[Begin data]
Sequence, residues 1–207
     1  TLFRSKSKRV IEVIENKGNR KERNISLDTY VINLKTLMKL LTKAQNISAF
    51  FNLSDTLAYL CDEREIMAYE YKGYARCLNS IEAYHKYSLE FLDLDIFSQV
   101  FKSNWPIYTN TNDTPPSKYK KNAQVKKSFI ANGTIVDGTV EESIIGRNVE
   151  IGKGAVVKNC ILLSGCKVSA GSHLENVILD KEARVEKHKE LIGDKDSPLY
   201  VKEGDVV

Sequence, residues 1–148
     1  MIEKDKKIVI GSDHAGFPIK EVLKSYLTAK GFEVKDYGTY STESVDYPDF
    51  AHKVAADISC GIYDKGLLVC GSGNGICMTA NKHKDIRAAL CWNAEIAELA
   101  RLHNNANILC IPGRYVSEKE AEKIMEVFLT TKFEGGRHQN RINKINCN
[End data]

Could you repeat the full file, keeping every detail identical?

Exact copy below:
Sequence, residues 1–207
     1  TLFRSKSKRV IEVIENKGNR KERNISLDTY VINLKTLMKL LTKAQNISAF
    51  FNLSDTLAYL CDEREIMAYE YKGYARCLNS IEAYHKYSLE FLDLDIFSQV
   101  FKSNWPIYTN TNDTPPSKYK KNAQVKKSFI ANGTIVDGTV EESIIGRNVE
   151  IGKGAVVKNC ILLSGCKVSA GSHLENVILD KEARVEKHKE LIGDKDSPLY
   201  VKEGDVV

Sequence, residues 1–148
     1  MIEKDKKIVI GSDHAGFPIK EVLKSYLTAK GFEVKDYGTY STESVDYPDF
    51  AHKVAADISC GIYDKGLLVC GSGNGICMTA NKHKDIRAAL CWNAEIAELA
   101  RLHNNANILC IPGRYVSEKE AEKIMEVFLT TKFEGGRHQN RINKINCN